This document presents a synthesis of current information and operating practices related to roadside safety and is developed in metric units. The roadside is defined as that area beyond the traveled way (driving lanes) and the shoulder (if any) of the roadway itself. The focus of this guide is on safety treatments that minimize the likelihood of serious injuries when a driver runs off the road. This guide replaces the 1989 AASHTO "Roadside Design Guide". Chapter 1 is an introduction. Chapter 2 discusses methods for selecting the appropriate alternative roadside safety enhancements. The discussion involves cost benefit analyses to determine a ranking of alternatives in the absence of better local information. Appendix A offers an example of one type of methodology for accomplishing a cost benefit analysis of various alternatives. Chapter 3 contains a discussion of the clear roadside concept. It also gives some relative clear zone values from which design guidance might be derived. Examples of the application of the clear zone values are also given. The chapter further includes a discussion of the treatment of roadside drainage features. Chapter 4 provides information on the use of sign and luminaire supports within the roadside environment. Both small and large signs are included, as well as breakaway and non-breakaway supports. The chapter concludes with discussions of miscellaneous roadside features such as mailbox supports, utility poles, and trees. Chapters 5, 6, 7, and 8 provide information concerning roadside barriers and crash cushions. Chapter 5 discusses roadside barriers. Appendix B gives selected details for these roadside barriers. Chapter 6 provides equivalent information for median barriers and Appendix C gives selected median barrier details. Chapter 7 includes information on appropriate bridge railings with Appendix D providing bridge railing design details. Chapter 8 offers the latest state-of-the-practice information on barrier end treatments and crash cushions. Chapter 9 offers some discussion of the application of the roadside safety concept for the temporary conditions found in construction or maintenance work zones. For example, the chapter contains information on temporary barriers, truck-mounted attenuators, barricades, and other conditions commonly associated with work zones. Chapter 10 discusses the application of roadside safety in the urban environment. While much of the information presented in this publication applies to rural, high-speed conditions, this chapter offers information on urban roadside practices.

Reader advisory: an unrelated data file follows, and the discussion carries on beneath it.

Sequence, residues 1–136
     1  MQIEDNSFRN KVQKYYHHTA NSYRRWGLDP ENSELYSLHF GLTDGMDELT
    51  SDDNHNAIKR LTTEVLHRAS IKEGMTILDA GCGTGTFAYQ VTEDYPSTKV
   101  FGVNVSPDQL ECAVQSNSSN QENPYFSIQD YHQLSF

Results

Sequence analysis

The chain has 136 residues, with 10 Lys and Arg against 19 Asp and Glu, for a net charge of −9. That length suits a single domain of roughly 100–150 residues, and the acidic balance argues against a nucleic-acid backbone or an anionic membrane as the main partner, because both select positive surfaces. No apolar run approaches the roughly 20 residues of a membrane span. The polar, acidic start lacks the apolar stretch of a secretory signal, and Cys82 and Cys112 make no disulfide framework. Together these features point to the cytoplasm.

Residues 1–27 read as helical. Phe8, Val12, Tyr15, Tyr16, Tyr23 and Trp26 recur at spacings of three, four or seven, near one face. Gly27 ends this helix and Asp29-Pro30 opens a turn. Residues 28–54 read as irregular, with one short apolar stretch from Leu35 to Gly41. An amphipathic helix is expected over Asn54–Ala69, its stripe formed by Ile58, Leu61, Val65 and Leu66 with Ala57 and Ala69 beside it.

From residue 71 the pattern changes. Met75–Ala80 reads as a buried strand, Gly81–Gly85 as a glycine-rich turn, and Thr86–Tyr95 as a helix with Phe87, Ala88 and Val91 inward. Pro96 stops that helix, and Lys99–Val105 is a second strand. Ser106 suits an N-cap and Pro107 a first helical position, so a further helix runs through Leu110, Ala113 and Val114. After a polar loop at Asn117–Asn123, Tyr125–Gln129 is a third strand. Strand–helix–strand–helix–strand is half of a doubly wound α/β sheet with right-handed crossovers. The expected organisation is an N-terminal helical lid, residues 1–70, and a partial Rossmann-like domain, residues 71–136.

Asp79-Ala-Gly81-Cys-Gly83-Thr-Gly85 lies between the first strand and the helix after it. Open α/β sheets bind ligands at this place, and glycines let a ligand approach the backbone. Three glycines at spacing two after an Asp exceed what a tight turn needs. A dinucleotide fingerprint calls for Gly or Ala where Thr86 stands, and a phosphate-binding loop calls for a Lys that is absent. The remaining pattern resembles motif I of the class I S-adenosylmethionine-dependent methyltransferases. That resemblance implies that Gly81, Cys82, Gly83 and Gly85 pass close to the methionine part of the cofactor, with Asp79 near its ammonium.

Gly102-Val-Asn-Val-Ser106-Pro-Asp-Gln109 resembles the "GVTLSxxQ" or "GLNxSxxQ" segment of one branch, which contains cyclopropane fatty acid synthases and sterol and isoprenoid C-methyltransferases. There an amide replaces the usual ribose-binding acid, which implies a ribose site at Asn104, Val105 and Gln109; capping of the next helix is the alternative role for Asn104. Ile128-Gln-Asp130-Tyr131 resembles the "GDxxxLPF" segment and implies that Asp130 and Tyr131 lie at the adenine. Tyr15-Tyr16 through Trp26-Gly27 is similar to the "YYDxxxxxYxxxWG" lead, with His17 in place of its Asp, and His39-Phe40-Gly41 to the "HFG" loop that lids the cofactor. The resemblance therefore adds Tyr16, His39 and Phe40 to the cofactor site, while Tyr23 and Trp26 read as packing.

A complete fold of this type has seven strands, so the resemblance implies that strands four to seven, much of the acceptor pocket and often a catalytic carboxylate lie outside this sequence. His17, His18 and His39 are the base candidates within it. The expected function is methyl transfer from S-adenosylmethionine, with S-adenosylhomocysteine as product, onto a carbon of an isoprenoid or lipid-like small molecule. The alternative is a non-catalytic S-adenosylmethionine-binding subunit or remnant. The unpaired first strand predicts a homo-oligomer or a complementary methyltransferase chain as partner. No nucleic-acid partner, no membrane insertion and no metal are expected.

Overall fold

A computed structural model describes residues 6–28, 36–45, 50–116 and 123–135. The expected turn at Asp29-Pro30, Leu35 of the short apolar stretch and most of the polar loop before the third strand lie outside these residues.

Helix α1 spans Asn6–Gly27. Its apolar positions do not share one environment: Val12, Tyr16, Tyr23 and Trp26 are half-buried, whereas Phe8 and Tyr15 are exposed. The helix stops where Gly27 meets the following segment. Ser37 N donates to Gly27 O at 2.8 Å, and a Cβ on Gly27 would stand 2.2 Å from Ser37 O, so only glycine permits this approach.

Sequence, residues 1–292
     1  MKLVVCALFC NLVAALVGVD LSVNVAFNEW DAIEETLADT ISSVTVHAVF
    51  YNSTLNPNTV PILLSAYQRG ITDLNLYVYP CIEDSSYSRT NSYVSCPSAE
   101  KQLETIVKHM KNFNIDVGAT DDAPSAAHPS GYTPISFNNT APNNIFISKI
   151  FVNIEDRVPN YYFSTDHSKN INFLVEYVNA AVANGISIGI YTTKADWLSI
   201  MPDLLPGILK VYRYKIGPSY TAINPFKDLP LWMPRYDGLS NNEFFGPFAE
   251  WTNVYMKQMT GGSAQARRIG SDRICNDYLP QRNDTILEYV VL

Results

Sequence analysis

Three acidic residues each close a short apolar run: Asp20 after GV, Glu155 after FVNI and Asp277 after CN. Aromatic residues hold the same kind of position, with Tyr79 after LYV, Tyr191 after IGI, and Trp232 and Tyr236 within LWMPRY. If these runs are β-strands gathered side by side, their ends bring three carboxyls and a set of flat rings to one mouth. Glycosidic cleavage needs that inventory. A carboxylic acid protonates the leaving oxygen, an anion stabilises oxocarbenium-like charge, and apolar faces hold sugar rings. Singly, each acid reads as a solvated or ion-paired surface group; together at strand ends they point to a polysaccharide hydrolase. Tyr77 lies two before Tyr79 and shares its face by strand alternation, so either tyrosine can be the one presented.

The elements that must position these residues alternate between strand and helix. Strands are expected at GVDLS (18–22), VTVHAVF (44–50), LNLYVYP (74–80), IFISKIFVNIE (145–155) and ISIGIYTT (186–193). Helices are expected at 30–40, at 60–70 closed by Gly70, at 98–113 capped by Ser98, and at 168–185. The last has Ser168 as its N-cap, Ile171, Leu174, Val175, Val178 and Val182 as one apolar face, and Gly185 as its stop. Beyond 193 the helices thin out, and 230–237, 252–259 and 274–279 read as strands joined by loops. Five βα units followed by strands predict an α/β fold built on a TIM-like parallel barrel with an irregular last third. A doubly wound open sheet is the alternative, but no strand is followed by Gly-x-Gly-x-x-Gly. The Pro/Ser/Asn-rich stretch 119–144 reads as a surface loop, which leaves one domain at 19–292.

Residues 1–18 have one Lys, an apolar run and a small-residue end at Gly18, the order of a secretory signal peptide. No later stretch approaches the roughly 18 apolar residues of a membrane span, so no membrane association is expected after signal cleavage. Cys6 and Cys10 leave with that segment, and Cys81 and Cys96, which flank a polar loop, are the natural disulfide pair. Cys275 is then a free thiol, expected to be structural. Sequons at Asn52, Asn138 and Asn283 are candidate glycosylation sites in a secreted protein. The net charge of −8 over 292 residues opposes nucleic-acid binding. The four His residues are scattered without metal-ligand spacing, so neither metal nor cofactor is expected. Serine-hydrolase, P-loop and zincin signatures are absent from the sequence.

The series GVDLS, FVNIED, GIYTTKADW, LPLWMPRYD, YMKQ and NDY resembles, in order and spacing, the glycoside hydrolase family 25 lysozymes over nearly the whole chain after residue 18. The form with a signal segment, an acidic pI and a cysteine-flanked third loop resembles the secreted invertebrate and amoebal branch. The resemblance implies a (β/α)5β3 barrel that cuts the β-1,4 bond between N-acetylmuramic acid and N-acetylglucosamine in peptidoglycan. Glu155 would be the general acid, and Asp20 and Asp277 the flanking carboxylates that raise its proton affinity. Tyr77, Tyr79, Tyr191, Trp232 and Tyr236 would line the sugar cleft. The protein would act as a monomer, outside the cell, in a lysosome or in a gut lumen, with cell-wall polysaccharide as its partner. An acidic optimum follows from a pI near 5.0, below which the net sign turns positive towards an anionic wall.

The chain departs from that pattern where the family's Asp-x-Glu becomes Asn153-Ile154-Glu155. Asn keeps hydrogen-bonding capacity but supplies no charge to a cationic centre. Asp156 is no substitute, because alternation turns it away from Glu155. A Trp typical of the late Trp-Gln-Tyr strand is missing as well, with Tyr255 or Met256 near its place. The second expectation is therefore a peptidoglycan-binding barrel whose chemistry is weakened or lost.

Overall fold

• English

Media Info

  • Features: Appendices; Figures; Photos; References; Tables;
  • Pagination: v.p.

Subject/Index Terms

Filing Info

  • Accession Number: 00725590
  • Record Type: Publication
  • ISBN: 1560510315
  • Files: TRIS
  • Created Date: Sep 17 1996 12:00AM